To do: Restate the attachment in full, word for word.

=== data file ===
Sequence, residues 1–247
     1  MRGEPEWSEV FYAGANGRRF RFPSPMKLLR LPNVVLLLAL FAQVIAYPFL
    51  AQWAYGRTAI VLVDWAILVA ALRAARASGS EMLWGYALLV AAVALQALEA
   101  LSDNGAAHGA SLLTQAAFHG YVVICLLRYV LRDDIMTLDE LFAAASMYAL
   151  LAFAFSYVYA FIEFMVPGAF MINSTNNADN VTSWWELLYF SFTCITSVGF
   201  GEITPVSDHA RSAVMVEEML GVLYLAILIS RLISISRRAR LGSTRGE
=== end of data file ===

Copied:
Sequence, residues 1–247
     1  MRGEPEWSEV FYAGANGRRF RFPSPMKLLR LPNVVLLLAL FAQVIAYPFL
    51  AQWAYGRTAI VLVDWAILVA ALRAARASGS EMLWGYALLV AAVALQALEA
   101  LSDNGAAHGA SLLTQAAFHG YVVICLLRYV LRDDIMTLDE LFAAASMYAL
   151  LAFAFSYVYA FIEFMVPGAF MINSTNNADN VTSWWELLYF SFTCITSVGF
   201  GEITPVSDHA RSAVMVEEML GVLYLAILIS RLISISRRAR LGSTRGE